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threat going from here? is it going to get worse? is it going to improve? on the counter narcotics side, illegal immigration is a concern. you have been leaning forward and i would be curious to hear what your thoughts are. dir. nielsen: i think what we are trying to do is lean forward on drugs, on trafficking, and smuggling and exploitation of the vulnerable populations. unfortunately we see all of that , growing. the tco smugglers are not humanitarians and business is booming so we have to find ways with our partners to take them down. it involves removing their marketplaces from the dark web, it means eliminating the middleman who provide id's, travel patterns, information and the actual contraband itself. it's a very decentralized approach these days. we need to take down the entire network.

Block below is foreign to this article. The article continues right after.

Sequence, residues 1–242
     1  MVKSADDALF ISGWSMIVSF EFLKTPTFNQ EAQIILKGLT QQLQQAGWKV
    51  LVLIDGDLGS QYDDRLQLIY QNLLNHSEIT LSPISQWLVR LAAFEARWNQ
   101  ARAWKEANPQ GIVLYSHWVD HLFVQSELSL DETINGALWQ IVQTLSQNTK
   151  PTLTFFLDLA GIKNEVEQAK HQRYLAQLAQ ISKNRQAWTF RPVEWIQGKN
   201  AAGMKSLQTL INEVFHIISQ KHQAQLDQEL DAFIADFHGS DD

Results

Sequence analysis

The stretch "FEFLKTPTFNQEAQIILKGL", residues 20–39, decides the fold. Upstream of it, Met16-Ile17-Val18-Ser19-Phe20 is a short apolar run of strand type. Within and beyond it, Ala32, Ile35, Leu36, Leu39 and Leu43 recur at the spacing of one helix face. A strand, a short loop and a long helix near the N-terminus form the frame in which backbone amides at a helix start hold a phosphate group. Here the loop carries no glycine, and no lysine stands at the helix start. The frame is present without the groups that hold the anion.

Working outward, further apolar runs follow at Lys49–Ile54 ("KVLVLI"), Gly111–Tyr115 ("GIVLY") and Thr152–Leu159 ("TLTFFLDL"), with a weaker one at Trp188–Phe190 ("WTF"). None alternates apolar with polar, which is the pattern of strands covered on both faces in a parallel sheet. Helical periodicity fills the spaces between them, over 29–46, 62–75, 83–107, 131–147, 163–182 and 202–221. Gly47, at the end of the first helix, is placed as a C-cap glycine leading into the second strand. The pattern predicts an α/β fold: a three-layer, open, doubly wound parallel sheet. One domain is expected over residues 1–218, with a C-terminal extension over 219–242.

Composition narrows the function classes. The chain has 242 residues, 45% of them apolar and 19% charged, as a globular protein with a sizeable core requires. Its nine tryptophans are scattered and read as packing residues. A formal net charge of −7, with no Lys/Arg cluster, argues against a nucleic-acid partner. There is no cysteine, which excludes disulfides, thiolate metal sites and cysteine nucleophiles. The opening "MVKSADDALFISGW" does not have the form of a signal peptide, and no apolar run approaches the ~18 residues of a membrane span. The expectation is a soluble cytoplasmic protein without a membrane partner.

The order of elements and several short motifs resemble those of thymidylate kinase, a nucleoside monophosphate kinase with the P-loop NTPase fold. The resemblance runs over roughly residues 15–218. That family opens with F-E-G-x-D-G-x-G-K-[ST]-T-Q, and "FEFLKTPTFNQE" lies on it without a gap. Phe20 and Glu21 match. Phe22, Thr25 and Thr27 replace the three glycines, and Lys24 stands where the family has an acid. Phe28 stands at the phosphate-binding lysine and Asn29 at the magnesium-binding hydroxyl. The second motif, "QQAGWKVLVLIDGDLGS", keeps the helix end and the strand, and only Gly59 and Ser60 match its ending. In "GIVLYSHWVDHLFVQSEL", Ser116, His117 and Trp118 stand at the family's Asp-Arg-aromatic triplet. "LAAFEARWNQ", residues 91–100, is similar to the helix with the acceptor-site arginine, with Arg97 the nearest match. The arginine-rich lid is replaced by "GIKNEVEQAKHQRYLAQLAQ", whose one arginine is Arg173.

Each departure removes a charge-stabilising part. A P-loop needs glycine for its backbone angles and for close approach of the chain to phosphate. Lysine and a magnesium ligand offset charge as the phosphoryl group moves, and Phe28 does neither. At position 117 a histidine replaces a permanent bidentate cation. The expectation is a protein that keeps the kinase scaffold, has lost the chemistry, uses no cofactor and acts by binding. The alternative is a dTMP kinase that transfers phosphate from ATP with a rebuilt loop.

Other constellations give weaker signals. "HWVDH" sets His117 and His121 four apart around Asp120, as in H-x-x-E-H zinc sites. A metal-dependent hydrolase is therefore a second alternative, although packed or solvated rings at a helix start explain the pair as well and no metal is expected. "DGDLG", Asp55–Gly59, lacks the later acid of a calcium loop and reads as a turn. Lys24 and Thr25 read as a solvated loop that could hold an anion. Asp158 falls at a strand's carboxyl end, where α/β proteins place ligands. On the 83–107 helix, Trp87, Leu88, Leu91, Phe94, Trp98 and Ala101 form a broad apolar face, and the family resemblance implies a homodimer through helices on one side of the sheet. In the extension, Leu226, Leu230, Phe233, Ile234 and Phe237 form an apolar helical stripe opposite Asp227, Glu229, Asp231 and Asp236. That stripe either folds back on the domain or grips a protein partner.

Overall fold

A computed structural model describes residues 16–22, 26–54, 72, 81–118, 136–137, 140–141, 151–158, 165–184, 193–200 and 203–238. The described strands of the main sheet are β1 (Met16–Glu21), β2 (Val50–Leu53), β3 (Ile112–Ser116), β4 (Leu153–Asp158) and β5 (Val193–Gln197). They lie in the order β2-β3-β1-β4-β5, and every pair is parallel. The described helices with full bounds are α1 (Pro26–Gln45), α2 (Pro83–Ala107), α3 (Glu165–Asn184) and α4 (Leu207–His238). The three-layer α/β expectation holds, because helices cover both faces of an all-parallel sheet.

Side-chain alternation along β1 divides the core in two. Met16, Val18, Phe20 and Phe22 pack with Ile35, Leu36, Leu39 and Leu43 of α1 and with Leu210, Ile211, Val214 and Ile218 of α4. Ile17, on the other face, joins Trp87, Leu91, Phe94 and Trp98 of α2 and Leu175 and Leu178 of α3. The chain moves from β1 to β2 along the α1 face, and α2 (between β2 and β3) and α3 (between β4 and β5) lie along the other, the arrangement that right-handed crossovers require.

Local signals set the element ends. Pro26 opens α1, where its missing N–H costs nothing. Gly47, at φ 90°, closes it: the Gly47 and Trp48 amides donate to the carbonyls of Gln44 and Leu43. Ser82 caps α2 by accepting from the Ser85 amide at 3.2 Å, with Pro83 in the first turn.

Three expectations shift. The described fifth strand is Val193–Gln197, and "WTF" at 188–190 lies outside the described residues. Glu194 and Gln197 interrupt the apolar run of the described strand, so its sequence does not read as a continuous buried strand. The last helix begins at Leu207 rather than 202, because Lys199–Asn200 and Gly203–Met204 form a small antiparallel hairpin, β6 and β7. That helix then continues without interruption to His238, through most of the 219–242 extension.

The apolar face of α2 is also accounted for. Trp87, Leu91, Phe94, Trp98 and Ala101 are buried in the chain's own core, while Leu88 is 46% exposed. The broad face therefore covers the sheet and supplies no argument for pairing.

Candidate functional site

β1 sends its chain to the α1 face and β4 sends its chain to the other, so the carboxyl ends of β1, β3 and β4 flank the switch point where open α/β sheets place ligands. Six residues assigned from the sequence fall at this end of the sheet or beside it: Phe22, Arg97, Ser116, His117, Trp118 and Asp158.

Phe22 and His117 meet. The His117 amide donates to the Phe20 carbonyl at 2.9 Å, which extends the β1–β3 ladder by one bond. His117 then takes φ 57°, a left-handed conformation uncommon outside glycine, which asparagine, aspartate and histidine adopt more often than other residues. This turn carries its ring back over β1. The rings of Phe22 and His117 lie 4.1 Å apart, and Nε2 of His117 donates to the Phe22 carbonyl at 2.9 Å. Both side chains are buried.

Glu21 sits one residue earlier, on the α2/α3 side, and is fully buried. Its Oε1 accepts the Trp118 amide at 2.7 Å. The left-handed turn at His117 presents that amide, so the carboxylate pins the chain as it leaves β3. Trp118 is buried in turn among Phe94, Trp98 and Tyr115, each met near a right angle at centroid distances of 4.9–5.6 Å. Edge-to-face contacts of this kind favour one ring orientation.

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triangle countries are willing to help and they see the threat perhaps in a more pronounced way than we do. whenever i speak to them, the two main things they raise is what they refer to as extra continentals. we might refer to them as special interest aliens but those who have patterns, travel patterns that are suspicious like that of a terrorist. they are from the middle east or from africa to the northern triangle countries. it does not make sense why they would be traveling to a country in south america and then traveling all the way up for the purposes of seeking asylum. it's very concerning to them. we are working closely with them and through this compact where we share information so we all know they are traveling and hopefully understand what their intent is. the other half of the humanitarian side, the focus in